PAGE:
LEGO recreations of trailers and scenes from films are often pretty fun to watch, though they’re not always of the best quality, as fans rush to complete and reveal their projects before someone else beats them to the punch. That’s not the case with Morgan Spence, a 15-year-old kid from Scotland whose LEGO recreations of famous movie scenes are really top notch. His latest project recreates the famous funeral scene from Wes Anderson’s The Grand Budapest Hotel—not the typical film you’d expect to see LEGO form, but once you do, you’ll be quite charmed.
The Grand Budapest Hotel
At long last, the Oscars are in the books for another year. As usual, the Academy Awards made for a night full of memorable moments, great speeches, and huge disappointments. (You deserved better, Boyhood.) Here now, the highs and lows of Oscars 2015 — all the things the Oscars got right this year, and all the things they got wrong:
Ready for the Academy Awards this Sunday? Need help winning your Oscar pool? ScreenCrush Editor-in-Chief Mike Sampson and Managing Editor Matt Singer are here to help. Or potentially make things worse. Honestly, they’re not great at guessing the winners. But they’re going to try their best.
Okay, so there was a fair amount of disappointment around the 2015 Academy Award nominations. Everything was not awesome for ‘The Lego Movie,’ robbed of a Best Animated Movie nod, and David Oyelowo’s dreams of a Best Actor nomination vanished when Steve Carell and Bradley Cooper’s names were mentioned instead. ‘Force Majeure’ got snubbed for a Best Foreign Language Film nomination and ‘Selma’’s Ava Duvernay was robbed in the Best Director Category. I just keep looking at the list of nominations and playing “Sad Trombone” over and over again. It’s basically the official theme song of the 2015 Academy Awards.
When the Golden Globes handed out their Best Picture award for the finest musical and/or comedy of 2014, they chose ‘The Grand Budapest Hotel,’ Wes Anderson’s story of legendary concierge Gustave H, at the titular hotel.
We’ve got two more big awards updates today, and they come from the Online Film Critics Society and the Broadcast Film Critics Association, the body responsible for the annual Critics’ Choice Awards. The OFCS (of which I’m a member) announced their winners, giving the Best Picture of 2014 to Wes Anderson’s ‘The Grand Budapest Hotel’; the film also won Best Original Screenplay and Best Cinematography. Meanwhile the BFCA (of which ScreenCrush editor-in-chief Mike Sampson is a member) announced their nominees for the Critics’ Choice Awards. ‘The Grand Budapest Hotel’ was among the Best Picture nominees, along with Oscar contenders ‘Boyhood,’ ‘The Imitation Game,’ ‘Selma,’ and ‘Birdman,’ which led all films with 13 CCA nominations.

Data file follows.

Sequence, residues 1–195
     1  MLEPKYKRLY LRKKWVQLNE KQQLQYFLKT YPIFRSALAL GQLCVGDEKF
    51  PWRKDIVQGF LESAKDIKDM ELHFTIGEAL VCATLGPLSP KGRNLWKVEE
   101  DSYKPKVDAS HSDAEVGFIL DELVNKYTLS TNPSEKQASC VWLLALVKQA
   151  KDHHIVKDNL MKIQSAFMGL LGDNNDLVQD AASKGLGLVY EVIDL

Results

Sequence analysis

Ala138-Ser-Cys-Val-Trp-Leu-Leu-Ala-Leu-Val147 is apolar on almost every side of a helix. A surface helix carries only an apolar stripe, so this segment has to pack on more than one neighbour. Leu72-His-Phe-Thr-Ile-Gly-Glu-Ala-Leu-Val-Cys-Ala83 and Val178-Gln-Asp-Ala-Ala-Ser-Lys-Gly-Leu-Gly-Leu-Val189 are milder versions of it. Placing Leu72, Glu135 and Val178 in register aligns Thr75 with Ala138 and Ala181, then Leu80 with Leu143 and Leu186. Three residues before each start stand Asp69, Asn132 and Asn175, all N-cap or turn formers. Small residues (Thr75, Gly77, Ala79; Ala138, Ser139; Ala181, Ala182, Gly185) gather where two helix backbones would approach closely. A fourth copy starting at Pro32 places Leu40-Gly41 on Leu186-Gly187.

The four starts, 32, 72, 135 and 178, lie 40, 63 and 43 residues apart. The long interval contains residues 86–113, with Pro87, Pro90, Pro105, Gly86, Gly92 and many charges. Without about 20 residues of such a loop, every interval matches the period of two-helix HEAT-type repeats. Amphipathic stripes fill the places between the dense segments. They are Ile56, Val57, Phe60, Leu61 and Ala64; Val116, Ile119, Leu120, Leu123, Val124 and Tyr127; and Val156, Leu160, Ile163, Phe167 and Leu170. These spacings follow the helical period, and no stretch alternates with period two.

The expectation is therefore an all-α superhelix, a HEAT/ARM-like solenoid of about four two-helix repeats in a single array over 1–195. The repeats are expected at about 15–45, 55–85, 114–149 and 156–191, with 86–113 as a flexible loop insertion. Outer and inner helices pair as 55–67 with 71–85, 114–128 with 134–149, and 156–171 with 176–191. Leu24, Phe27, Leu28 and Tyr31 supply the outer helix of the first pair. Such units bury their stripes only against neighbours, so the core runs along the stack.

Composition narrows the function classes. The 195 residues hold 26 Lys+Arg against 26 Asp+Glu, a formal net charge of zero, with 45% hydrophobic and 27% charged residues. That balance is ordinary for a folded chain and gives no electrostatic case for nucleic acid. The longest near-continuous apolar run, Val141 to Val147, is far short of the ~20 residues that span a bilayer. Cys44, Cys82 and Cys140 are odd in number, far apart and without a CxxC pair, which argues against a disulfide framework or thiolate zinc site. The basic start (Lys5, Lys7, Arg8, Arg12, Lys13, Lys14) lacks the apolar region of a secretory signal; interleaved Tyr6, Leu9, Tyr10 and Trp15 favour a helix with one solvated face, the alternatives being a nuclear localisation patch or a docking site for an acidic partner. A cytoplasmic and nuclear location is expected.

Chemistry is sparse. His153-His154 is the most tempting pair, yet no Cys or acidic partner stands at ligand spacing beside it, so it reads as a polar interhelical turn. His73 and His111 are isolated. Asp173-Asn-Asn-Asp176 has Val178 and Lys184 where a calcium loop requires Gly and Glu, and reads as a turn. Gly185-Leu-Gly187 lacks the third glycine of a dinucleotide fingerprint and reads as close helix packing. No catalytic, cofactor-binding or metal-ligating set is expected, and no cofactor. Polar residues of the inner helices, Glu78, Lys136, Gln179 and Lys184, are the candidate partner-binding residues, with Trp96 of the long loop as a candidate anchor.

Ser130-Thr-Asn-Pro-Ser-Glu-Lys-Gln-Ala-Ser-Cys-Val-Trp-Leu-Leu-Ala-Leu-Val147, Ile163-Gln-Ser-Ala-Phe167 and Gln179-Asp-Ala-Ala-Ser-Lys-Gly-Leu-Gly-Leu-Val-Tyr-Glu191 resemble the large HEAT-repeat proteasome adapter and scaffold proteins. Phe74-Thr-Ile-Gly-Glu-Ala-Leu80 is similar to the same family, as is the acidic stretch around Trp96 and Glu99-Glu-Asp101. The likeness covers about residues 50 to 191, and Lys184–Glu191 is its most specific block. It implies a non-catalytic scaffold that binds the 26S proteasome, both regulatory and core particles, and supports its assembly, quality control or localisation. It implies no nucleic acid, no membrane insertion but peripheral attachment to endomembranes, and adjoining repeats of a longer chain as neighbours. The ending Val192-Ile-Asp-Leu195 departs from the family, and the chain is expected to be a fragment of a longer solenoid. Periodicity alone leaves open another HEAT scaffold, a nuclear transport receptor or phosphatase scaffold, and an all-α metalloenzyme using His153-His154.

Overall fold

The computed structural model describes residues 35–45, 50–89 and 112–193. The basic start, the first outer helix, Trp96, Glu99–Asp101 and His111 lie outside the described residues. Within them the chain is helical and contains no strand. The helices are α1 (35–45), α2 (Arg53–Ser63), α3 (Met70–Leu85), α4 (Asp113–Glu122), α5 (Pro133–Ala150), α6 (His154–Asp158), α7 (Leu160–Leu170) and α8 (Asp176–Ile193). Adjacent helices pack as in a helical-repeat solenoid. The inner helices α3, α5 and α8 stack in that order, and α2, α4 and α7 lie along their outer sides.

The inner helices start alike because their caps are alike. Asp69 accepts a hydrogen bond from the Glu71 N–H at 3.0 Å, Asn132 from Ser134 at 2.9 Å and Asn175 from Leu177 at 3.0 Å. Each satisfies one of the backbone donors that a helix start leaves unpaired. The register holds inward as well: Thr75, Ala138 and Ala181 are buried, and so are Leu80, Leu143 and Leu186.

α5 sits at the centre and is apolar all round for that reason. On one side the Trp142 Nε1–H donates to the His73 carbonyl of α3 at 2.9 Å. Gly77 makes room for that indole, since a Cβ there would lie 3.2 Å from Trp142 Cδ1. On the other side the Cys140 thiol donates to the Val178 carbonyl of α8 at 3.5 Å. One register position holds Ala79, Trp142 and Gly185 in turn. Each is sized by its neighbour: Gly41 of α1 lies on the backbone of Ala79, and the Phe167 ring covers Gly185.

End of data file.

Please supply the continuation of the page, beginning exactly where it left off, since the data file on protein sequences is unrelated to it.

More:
It wasn’t a great year for critics in movies—see ‘Birdman’ (or ‘Chef’ [or ‘Top Five’ (or ‘Big Eyes’)])—but it was a great year for critics at movies. 2014 offered an tremendous variety of fantastic films: big and small; foreign and domestic; mainstream and indie. To anyone who says the overall quality of movies has declined, I call B.S. There are more good movies now than ever before. If you can’t find one, you’re not looking very hard. Take, for instance, these ten instant classics:
Here are the best movies of 2014 so far! (Note: These movies have all been released in theaters and I am not including movies that I saw at film festivals that have not been yet released to the public.)
How do you make the beautiful world of Wes Anderson even more precious? With LEGO, of course. It's actually surprising that no one thought of this before, but thanks to one clever fan, you can now see The Grand Budapest Hotel from Wes Anderson's latest flim recreated in charming detail with the help of hundreds upon hundreds of tiny LEGO bricks.
If the goal for 'Need For Speed' was to replicate the success of the 'Fast and Furious' films, then the film's opening weekend is not promising. Opening in third place, the video game adaptation was overtaken by two of last week's releases, making this potential franchise D.O.A.